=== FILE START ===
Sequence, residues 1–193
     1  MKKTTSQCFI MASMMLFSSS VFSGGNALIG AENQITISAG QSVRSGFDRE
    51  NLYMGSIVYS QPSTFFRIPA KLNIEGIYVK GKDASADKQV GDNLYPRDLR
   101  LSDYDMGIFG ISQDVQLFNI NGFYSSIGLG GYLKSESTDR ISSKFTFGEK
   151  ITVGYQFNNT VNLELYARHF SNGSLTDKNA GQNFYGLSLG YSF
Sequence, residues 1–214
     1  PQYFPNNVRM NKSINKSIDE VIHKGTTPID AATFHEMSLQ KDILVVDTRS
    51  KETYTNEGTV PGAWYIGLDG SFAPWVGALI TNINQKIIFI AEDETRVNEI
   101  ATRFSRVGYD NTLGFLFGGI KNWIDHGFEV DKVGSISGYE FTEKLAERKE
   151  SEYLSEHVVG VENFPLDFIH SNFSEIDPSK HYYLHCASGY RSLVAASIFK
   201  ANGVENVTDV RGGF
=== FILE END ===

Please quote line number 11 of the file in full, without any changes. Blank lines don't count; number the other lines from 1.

   201  ANGVENVTDV RGGF